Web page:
Phone – 213-368-0404

Dreamy Vietnamese Bakery In Echo Park

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Since 1980, Kien Giang Bakery has been putting out some of the cities most diverse and scrumptious baked goods. A Vietnamese/Chinese bakery, they specialize in moon cakes, banh mi sandwiches (on straight from the oven baguettes), birthday and wedding cakes, freshly baked breads, Lunar New Year’s cakes and pastries.

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A sculptural bonsaï welcomes at the front door, a visual predilection of the attention to detail and quality inside the bakery.

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The Mid Autumn or Moon Cake Festival fell on September 27 this year, but we can still pick up the thap cam moon cake and keep celebrating all the amazing moon phases we have seen in 2015.

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The best selling mixed nut mooncakes are filled with cashews, almond, pumpkin seed, sesame seed and candied winter melon. The sweetness from the candied fruit is a perfect juxtaposition to the savory nut and seed meats. And the delicate, glaze topped crust is thin enough to hold the mini cakes in two perfect bites while allowing the filling to be the star of the show.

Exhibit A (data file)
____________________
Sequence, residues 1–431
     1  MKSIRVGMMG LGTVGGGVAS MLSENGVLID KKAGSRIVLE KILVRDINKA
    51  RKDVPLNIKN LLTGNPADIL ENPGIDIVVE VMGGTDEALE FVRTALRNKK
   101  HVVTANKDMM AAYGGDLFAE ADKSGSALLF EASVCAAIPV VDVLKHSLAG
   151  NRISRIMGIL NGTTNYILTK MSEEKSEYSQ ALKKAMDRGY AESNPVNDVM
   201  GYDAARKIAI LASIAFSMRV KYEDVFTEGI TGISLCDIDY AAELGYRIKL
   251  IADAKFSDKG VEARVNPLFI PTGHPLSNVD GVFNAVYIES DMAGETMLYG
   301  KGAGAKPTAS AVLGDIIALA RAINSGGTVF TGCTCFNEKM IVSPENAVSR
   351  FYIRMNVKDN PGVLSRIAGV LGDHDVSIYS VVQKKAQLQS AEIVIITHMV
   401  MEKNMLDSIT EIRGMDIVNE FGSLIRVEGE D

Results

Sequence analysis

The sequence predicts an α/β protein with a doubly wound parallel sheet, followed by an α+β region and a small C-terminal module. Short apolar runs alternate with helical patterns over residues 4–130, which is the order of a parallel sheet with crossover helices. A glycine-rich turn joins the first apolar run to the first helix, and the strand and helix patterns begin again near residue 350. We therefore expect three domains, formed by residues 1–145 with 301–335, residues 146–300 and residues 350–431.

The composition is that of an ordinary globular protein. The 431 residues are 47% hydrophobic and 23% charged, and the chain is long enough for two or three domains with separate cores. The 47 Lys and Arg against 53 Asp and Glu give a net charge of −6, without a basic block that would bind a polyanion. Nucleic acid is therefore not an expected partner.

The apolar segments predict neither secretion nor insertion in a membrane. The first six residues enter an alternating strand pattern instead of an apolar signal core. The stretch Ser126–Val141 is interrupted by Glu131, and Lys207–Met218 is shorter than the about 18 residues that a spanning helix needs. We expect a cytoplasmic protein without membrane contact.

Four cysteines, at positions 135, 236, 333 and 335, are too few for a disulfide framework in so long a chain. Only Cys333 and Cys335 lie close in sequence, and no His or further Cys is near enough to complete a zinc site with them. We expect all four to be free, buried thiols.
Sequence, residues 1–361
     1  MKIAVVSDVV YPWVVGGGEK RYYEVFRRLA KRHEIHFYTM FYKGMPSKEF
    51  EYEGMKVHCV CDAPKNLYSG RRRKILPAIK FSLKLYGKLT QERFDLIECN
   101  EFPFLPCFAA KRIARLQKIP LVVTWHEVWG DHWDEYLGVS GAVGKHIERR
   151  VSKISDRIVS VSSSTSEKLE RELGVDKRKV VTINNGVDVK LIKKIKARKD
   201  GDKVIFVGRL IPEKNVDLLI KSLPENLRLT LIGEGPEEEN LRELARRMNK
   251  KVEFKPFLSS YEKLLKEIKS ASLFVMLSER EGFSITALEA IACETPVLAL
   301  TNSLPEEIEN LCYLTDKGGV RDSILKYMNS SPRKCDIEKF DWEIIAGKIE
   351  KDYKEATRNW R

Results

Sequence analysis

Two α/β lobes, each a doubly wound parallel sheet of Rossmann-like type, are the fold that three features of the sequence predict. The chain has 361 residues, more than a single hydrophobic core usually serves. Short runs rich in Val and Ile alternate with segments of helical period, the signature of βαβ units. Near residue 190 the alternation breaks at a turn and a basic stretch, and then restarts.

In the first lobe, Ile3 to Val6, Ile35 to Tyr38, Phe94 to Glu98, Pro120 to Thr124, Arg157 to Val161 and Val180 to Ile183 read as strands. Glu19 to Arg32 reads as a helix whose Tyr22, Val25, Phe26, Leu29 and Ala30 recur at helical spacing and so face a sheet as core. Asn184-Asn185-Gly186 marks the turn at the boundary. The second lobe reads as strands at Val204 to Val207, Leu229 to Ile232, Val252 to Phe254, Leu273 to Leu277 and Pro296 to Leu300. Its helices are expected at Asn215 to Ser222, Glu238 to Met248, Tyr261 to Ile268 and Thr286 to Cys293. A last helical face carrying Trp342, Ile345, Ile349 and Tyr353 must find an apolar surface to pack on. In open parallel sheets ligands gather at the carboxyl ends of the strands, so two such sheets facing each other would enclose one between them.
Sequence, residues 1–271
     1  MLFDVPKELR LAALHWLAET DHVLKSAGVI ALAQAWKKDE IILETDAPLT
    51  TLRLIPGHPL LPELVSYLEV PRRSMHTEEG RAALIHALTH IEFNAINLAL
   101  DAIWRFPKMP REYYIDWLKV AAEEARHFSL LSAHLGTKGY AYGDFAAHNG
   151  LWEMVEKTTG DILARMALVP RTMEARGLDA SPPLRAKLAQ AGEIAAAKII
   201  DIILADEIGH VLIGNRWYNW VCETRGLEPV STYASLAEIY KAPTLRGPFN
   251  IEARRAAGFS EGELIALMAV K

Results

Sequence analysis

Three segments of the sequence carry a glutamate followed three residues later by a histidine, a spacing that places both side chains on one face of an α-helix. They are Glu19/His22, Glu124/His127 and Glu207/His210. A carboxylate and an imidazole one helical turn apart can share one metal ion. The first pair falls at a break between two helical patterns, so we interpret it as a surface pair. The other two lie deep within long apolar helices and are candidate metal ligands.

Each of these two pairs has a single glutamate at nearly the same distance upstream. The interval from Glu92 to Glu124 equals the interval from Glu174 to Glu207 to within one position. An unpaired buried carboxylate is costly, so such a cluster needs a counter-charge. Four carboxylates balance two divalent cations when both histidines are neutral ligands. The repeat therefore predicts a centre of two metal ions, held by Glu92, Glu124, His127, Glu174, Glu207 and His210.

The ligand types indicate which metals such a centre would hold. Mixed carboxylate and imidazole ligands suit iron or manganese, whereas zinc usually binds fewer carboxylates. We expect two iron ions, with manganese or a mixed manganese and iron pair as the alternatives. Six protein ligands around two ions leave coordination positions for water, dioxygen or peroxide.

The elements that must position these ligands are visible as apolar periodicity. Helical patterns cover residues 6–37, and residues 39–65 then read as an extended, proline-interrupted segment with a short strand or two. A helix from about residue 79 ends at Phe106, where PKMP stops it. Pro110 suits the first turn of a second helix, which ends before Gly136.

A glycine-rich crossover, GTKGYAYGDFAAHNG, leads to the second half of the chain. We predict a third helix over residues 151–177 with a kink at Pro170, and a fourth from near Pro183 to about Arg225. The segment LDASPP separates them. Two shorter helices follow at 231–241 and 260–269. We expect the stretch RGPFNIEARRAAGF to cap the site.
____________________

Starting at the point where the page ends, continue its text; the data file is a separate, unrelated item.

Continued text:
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The larger moon cakes encase an egg representing the moon, but we find the minis sans egg to be an inspired sweet.

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The walnut butter cookies are crisp, churned-cream laden sweet biscuits dotted with walnut pieces that rival every French butter cookie we’ve tried.

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Ken Giang Bakery embraces the best baked goods from many cultures cuisines including Chinese almond cookies and butterflies, Latin tres leches cakes, French croissants and baguettes, in an homage to the multi-cultured nature of Los Angeles herself.

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The sign in the driveway is from the 1980’s and reflects a time when people actually ordered cakes upon arrival and waited around for them to be baked.  Somehow we ran out of that type of leisure time and now, we are informed, everyone orders cakes way ahead of pickup. For stellar baked goods and sandwiches, a trip to Kien Giang Bakery is a treat no matter how you choose to indulge.